‘Ginger Pig’ Roast Beef Masterclass



If you’re a beef lover (and if you’re not, what are you doing here?), I have a few questions for you:

1. What’s the difference between a fore-rib and a wing rib?

2. What’s the difference between an onglet steak and a hanger steak?

3.  Is 56-day aged beef better than 30?


4.  In taste terms, is the breed of cow more or less important than the way it’s been raised?

5.  Would you be able to French-trim a cote-de-boeuf and cook it to absolute perfection?

The answers to these questions – and many, many more – were answered for me by Perry and Borut – the fantastic butchers at the Ginger Pig butchery masterclass at their Marylebone shop.

The class was bought for me as a Christmas present by my wife and finally, after much planning, I got to go along. It was a superb, never-to-be-forgotten gift-that-keeps-on-giving experience.

In a nutshell: you turn up, put an overall on, feel a bit anxious about slicing your fingers off because the knives are so sharp, then watch in awe as Perry breaks half a middle section of a cow down into the familiar parts we all lust over in our butchers’ shops: the fore-rib, the wing rib, the rib-eye, the sirloin, the fillet, the T-bone, the rump, the Picanha.

It heaven had a meat lovers’ theme park, then this would be it.

Then you’re treated to thick, juicy tranches of mouth-water fillet steak, cooked by Borut.

But that’s just for starters.

The masterclass main course is when Perry hands over to you a magnificent joint of two-ribbed fore-rib to de-cartilage and tie – ready to take away to cook at home.

Then you’re treated to inch-thick slices from a cooked-to-perfection five-rib fore-rib joint (keep up at the back), served with garlicky Gratin Dauphinoise and dressed salad leaves (a token gesture and barely touched), washed down with a few glasses of full-bodied red wine, then followed by (if you have room – I didn’t) – vanilla-infused bread and butter pudding.


At £135, it was one of the best – and value-for-money – experiences I’ve ever enjoyed.

At the end of the three hour-plus evening, we each took home our hand-trimmed fore-ribs (or cote de boeufs) and then on Sunday, I treated my present-buying wife to the best roast beef dinner she’s ever tasted.

I’ve followed the Ginger Pig boys’ recipe to the letter. Here are the results…


1. Heat the oven as hot as it will go. Just before it goes in the oven, cover the beef with some salt and pepper.


2. Place the beef in a roasting tray so that it rests upright on the bone, put the tray in the oven and roast for 20 minutes, until the fat starts to sizzle.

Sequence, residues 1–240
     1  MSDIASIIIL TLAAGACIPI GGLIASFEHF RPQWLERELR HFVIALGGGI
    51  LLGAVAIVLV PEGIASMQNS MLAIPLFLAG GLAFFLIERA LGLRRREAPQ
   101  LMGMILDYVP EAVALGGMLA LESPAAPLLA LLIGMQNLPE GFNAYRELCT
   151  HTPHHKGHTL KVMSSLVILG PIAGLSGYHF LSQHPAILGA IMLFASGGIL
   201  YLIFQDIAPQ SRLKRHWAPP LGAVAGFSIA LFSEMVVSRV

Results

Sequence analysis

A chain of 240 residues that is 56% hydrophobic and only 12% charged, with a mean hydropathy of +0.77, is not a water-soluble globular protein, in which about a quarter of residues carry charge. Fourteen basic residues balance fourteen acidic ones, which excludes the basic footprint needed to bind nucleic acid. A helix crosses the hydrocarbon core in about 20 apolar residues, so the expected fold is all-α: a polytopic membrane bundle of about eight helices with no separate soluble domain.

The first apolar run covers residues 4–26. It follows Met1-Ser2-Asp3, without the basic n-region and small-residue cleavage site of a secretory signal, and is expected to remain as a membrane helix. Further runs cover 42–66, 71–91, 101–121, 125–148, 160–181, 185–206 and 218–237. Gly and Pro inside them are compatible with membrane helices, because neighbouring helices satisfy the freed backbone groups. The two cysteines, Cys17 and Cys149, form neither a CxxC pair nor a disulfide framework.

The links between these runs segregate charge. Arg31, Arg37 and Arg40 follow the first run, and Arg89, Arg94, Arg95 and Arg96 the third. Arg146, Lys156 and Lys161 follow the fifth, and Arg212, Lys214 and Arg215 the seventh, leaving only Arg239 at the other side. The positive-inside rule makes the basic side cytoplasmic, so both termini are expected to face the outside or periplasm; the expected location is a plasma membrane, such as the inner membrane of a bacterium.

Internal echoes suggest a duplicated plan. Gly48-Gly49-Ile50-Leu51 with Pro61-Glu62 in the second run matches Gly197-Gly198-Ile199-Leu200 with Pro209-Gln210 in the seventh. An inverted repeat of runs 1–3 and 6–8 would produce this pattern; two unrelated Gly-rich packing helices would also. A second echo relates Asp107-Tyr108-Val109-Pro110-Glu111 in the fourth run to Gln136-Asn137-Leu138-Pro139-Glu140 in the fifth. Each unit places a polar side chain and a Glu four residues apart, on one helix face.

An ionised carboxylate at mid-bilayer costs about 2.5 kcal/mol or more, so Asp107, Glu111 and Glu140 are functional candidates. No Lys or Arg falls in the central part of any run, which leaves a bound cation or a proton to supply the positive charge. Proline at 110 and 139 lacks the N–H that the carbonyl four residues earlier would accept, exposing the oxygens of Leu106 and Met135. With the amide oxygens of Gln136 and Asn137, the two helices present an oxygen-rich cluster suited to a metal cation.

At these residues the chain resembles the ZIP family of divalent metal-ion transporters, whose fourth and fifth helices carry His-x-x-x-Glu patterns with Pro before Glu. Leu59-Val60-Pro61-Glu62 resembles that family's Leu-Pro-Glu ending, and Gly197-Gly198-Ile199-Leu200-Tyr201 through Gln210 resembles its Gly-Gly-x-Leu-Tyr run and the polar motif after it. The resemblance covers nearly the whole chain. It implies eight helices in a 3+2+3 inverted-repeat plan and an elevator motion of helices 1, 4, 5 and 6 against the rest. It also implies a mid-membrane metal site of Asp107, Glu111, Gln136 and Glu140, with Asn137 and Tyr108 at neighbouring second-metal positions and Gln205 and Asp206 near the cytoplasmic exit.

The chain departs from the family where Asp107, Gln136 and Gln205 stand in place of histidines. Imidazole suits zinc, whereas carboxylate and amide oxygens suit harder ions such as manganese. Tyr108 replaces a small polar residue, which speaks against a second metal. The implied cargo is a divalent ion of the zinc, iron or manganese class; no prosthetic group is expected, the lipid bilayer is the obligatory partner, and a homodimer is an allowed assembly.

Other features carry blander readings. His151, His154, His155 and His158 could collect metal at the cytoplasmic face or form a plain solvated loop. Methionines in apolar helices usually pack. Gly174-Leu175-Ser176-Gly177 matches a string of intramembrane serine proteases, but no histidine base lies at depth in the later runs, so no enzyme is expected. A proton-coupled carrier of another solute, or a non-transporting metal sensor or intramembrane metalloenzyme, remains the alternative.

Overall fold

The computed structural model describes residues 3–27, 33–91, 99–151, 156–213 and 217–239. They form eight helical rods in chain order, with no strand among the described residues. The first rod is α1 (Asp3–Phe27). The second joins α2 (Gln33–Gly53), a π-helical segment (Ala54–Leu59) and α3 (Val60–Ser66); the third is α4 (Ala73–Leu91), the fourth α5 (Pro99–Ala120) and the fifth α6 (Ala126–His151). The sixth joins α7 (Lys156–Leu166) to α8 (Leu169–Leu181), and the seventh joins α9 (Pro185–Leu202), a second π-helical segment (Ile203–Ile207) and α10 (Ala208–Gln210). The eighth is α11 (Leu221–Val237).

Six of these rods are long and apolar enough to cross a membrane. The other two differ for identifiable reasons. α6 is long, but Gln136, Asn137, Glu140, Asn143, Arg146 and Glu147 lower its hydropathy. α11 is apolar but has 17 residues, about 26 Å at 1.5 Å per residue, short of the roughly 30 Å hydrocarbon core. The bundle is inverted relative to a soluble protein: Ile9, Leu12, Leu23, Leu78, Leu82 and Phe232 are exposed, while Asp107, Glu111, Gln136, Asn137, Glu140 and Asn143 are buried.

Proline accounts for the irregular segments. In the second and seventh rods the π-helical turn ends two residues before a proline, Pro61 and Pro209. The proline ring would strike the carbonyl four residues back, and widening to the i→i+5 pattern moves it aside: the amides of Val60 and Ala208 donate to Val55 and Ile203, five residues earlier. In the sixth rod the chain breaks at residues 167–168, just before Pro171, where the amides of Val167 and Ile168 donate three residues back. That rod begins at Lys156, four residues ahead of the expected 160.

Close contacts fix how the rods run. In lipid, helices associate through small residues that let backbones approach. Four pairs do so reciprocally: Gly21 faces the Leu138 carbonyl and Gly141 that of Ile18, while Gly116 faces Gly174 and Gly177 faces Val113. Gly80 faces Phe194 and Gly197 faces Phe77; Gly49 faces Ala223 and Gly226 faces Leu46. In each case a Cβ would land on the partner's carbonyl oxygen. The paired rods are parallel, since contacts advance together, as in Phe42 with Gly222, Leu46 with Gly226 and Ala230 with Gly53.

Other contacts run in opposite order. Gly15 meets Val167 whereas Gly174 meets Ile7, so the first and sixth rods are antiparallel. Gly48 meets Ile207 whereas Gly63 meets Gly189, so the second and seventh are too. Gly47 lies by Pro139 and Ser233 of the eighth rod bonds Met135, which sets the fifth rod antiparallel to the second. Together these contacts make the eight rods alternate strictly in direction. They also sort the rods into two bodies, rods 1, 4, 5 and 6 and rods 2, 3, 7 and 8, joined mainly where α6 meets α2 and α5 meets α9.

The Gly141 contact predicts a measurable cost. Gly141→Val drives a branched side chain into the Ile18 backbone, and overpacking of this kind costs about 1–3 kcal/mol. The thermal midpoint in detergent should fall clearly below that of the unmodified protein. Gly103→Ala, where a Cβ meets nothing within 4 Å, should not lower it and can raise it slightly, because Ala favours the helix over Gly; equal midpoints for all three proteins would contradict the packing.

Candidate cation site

3. Turn the temperature down to 160C/Gas 3 and roast for a further 20 minutes per 500g, depending on whether you like your beef rare or medium rare.

4. Remove the beef from the oven, cover with foil, drape a tea towel over the top and leave it to rest for 30-40 minutes before carving.


5. There are different ways to carve, but I prefer to separate the bones from the meat with a sharp knife and then to slice the beef across the grain. This is perfect if you have some people who like quite rare meat, and others who prefer it a little bit more well done, carve the entire joint as the middle will be rarer than the edges.





6. Serve with Yorkshire puddings, Dauphinoise potatoes, steamed greens, glazed carrots and very beefy gravy.


1. The forerib is the first five bones of the loin after the 3 wing ribs (nearest the head). It has bags of flavour and has become the firm favourite roast in recent years.

2. None. They’re different names for the same thing: a barrel-shaped muscle cut from along the spine. It has a strong, almost offally flavour and needs careful treatment in the kitchen, but brings rich reward whether served nice and pink or stewed until tender.

• Is 42-day aged beef better than 28? It’s up to you. Older beef has a more gamey flavour. The guys at Ginger Pig prefer theirs around the 28-day mark.

• Welfare is more important. Well-fed, stress-free cattle have sweeter, more tender meat. (Exception: Wagyu – a breed that has exceptional marbling).

• Would you be able to French-trim a cote-de-boeuf and cook it to absolute perfection? I can now!!



Filed under Beef, Recipe Shed

6 Responses to ‘Ginger Pig’ Roast Beef Masterclass

  1. Sara Connor

    That looks top notch – I am drooling!!

  2. Anders

    Will you be able to show us how to French-trim a cote de bouef? I get 50 days aged fore rib from my butcher – but have to to the trimming myself (!). And I am surely not an expert yet…

    • keithkendrick

      Hi Anders, I’m afraid I can’t actually show you as I was learning myself and couldn’t take photos at the same time! Sorry about that. When I next get another fore-rib I’ll get my wife to take some pics as I French-trim it.

  3. Simon

    Wow!!! Hearty praise indeed especially from someone who already knows more about beef than anyone else I know! That is a winning pressie.

    • keithkendrick

      Hey Simon, you’d LOVE it. Exactly the kind of thing you should be dropping a subtle hint about for your Christmas present!!